Mechanisms of chemosensory transduction in taste cells.

Research output: Contribution to journalArticle

14 Citations (Scopus)

Abstract

The application of new techniques to the study of taste cells has revealed much about both the basic physiology of these cells and also about the mechanisms of taste transduction. The taste cells are electrically excitable cells with a variety of voltage-dependent ion currents. These ionic currents have an important role in the transduction of salt taste in mammals and frogs. In mudpuppies different ion channels are involved in the transduction of acidic-sour stimuli. The role of ion currents in the transduction of sweet taste is less clear. Some proposed mechanisms suggest an important role for ion currents and others suggest that the transduction process may be a biochemical event involving cell surface receptors and intracellular second messengers, possibly cAMP. The transduction of bitter taste seems to be a biochemical event involving cell surface receptors and intracellular second messengers in the inositol trisphosphate pathway. Thus, one cannot talk about "the mechanism" of taste transduction. Different taste modalities are transduced by different mechanisms. A corollary to this is that taste cells are not a homogeneous population of cells. In order to provide animals with the ability to discriminate between different taste modalities the taste cells consist of distinct subpopulations of cells based on their primary taste modality. The primary taste modality in a given cell is determined by the receptors and transduction mechanism(s) expressed in that cell. Evidence suggests that modality-specific receptors are expressed in a segregated manner in distinct subpopulations of taste cells. Secondary responses observed in gustatory axons may arise due to a lack of absolute specificity in the transduction processes and nonspecific effects of low pH and high ionic strength and osmolarity on the taste cells. An interesting area for future work will be to elucidate the mechanism(s) by which basal cells become committed to a given taste modality and how the gustatory neurons influence this process of differentiation. The involvement of the gustatory neurons is critical as they must synapse with taste cells of the correct taste modality to preserve the integrity of the information transferred to the CNS. This process of synaptogenesis is presumably mediated by the expression of taste-modality-specific, cell surface antigens on the basolateral domain of a taste cell and receptors on the appropriate neurons, but much work will be necessary to elucidate this process.(ABSTRACT TRUNCATED AT 400 WORDS)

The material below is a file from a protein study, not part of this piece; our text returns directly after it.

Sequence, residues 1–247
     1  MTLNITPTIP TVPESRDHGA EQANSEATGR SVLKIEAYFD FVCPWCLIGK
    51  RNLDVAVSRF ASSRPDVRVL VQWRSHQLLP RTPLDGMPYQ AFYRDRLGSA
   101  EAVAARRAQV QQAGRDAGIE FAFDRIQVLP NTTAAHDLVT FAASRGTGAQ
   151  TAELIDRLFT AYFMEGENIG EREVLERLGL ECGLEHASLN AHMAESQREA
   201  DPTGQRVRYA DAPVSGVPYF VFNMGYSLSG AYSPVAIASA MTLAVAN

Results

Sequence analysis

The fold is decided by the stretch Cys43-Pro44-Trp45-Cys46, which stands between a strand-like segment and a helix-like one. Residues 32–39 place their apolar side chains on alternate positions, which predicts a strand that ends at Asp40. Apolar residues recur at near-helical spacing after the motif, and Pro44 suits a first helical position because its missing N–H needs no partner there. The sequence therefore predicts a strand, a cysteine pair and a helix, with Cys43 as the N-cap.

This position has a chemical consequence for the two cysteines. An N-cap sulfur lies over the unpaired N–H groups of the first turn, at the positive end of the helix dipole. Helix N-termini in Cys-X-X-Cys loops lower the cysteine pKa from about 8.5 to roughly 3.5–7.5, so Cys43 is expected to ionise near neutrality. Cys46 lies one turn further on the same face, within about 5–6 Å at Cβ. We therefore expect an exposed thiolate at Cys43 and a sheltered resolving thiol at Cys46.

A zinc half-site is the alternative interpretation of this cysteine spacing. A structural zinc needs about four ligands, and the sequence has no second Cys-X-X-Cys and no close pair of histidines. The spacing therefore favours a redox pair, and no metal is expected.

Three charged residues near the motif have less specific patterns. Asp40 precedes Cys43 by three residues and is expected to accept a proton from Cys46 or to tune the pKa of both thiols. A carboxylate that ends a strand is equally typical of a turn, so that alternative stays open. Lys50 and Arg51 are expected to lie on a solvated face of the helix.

Original languageEnglish (US)
Pages (from-to)241-279
Number of pages39
JournalInternational Review of Neurobiology
Volume32
StatePublished - 1990
Externally publishedYes

Fingerprint

Cell Surface Receptors
Second Messenger Systems
Ions
Neurons
Osmolar Concentration
Necturus
Cell Physiological Phenomena
Aptitude
Inositol
Surface Antigens
Ion Channels
Anura
Synapses
Axons
Mammals
Salts
Population

ASJC Scopus subject areas

  • Medicine(all)
  • Clinical Neurology
  • Cellular and Molecular Neuroscience

Cite this

Mechanisms of chemosensory transduction in taste cells. / Akabas, Myles.

In: International Review of Neurobiology, Vol. 32, 1990, p. 241-279.

Research output: Contribution to journalArticle

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